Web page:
stub TFSA or RRSP – Which Is Right For The Canadian Investor? -
Connect with us

Investing 101

TFSA or RRSP – Which Is Right For The Canadian Investor?

Updated on is not an investment advisor, and this does not constitute investment advice, financial advice, or trading advice. does not recommend that any security should be bought, sold, or held by you. Conduct your own due diligence and consult a financial advisor before making any investment decisions.

The Canadian investor has two potent tools at their disposal – the Tax-Free Savings Account (TFSA) and the Registered Retirement Savings Plan (RRSP). While both are designed to encourage savings, they cater to different financial needs and offer unique tax advantages. Making an informed choice between TFSA and RRSP can significantly impact an investor's financial health and long-term goals.

Understanding a Tax-Free Savings Account (TFSA):

A TFSA allows Canadians to earn tax-free investment income. Contributions are made with after-tax dollars, but withdrawals, including the gains, are tax-free.


  • Flexibility: TFSAs offer flexibility as you can withdraw funds at any time without a tax penalty, making it suitable for short-term and long-term goals.
  • Tax-free Growth: Investment growth within a TFSA is tax-free, which can be advantageous especially for those in higher tax brackets.
  • No Age Limit: Unlike RRSPs, TFSAs have no age limit for contributions, allowing for lifelong savings.


  • Lower Contribution Limits: TFSAs have lower annual contribution limits compared to RRSPs, which might restrict the saving potential for some investors.
  • No Tax Deduction: Contributions are not tax-deductible, so they don’t provide an immediate tax benefit.

Understanding a Registered Retirement Savings Plan (RRSP):

RRSP is a retirement savings plan that allows Canadian investors to save for their retirement on a tax-sheltered basis.


  • Tax Deductible Contributions: Contributions to an RRSP are tax-deductible, reducing an investor’s taxable income for the year.
  • Higher Contribution Limits: RRSPs have higher annual contribution limits compared to TFSAs, enabling individuals to save more.
  • Tax-Deferred Growth: Investment growth is tax-deferred until withdrawal, which is typically during retirement when one might be in a lower tax bracket.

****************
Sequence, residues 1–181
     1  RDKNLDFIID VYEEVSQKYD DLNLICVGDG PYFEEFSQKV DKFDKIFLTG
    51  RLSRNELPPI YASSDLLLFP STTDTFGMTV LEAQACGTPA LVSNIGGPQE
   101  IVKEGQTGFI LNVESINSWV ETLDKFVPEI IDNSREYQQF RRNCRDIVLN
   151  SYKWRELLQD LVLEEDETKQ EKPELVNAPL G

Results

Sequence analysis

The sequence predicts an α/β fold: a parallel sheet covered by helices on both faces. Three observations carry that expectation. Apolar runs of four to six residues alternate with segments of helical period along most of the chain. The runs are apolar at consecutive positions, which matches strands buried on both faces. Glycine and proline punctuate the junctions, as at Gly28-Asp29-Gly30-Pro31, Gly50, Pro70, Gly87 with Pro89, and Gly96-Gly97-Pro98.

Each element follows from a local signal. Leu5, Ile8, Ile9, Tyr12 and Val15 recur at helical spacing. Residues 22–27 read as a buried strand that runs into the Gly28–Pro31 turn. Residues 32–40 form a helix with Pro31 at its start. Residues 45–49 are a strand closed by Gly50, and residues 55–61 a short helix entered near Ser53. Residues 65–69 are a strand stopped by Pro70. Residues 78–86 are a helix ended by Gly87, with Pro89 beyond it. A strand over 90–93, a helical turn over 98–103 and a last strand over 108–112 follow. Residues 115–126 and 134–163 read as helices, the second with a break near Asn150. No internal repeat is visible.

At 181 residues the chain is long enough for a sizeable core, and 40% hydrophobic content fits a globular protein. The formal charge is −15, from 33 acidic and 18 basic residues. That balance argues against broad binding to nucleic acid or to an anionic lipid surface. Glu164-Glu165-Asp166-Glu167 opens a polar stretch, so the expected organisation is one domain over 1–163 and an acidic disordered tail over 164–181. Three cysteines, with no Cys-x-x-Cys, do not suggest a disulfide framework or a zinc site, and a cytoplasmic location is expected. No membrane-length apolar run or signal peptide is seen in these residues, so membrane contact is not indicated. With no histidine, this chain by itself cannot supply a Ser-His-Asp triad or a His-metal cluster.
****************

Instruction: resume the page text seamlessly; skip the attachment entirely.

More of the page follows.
• Less Flexibility: RRSPs are less flexible as withdrawals before retirement age are subject to tax penalties.
  • Age Restriction: RRSPs have an age limit for contributions, which is 71 years of age.

Putting Contributions to Work

It is important to recognize that contributing to these types of savings accounts is not enough, as they are meant to be used as ‘tax-advantaged wrappers' for further investment.  This means that, in either case, contributed funds can then be invested in, but not limited to, the following.

  • Cash
  • Equities / Stocks
  • Fixed Income Securities
  • Mutual Funds
  • Exchange-Traded Funds (ETFs)
  • Real Estate Investment Trusts (REITs)

The ability to invest in a diversified portfolio within either a TFSA or RRSP allows Canadian investors to tailor their investment strategy to meet their individual financial goals and risk tolerance. Moreover, the tax advantages of TFSAs and RRSPs can significantly enhance the long-term growth potential of investments held within these accounts.

It's advisable to consult with a financial adviser to understand the investment options and strategies that would be most suitable for your individual circumstances within the framework of TFSAs and RRSPs.

Making The Right Choice:

The choice between a TFSA and an RRSP largely depends on an individual’s financial circumstances and goals.

  • Short to Medium-term Goals: For short to medium-term financial goals like saving for a vacation, a home, or an emergency fund, a TFSA is often a better choice due to its flexibility and tax-free withdrawals.
  • Retirement Savings: If saving for retirement is the primary goal, an RRSP could be more advantageous due to the tax-deductible contributions and potentially being in a lower tax bracket upon withdrawal.
  • Tax Bracket Consideration: If an individual expects to be in a higher tax bracket in retirement, a TFSA may be a better choice. Conversely, if they expect to be in a lower tax bracket in retirement, an RRSP could be more beneficial.

In conclusion, both TFSA and RRSP are powerful saving tools for Canadian investors, each with its own set of advantages and disadvantages. It's vital to evaluate personal financial circumstances, consult with a financial advisor, and make an informed decision to align with one's financial objectives and maximize the benefits these accounts offer.

For Canadian investors interested in kick-starting their retirement savings journey, one of the best options around to do so is Questrade – Canada's largest online brokerage platform.

For a deeper dive into investment options, including RRSPs, and a comparison with other retirement saving instruments, visit to explore a wealth of resources available to Canadian investors.

Daniel is a big proponent of how blockchain will eventually disrupt big finance. He breathes technology and lives to try new gadgets.